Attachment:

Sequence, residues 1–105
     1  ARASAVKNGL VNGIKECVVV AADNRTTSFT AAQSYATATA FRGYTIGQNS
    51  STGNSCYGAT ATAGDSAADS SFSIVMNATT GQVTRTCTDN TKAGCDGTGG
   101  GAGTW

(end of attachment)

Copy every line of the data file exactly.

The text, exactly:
Sequence, residues 1–105
     1  ARASAVKNGL VNGIKECVVV AADNRTTSFT AAQSYATATA FRGYTIGQNS
    51  STGNSCYGAT ATAGDSAADS SFSIVMNATT GQVTRTCTDN TKAGCDGTGG
   101  GAGTW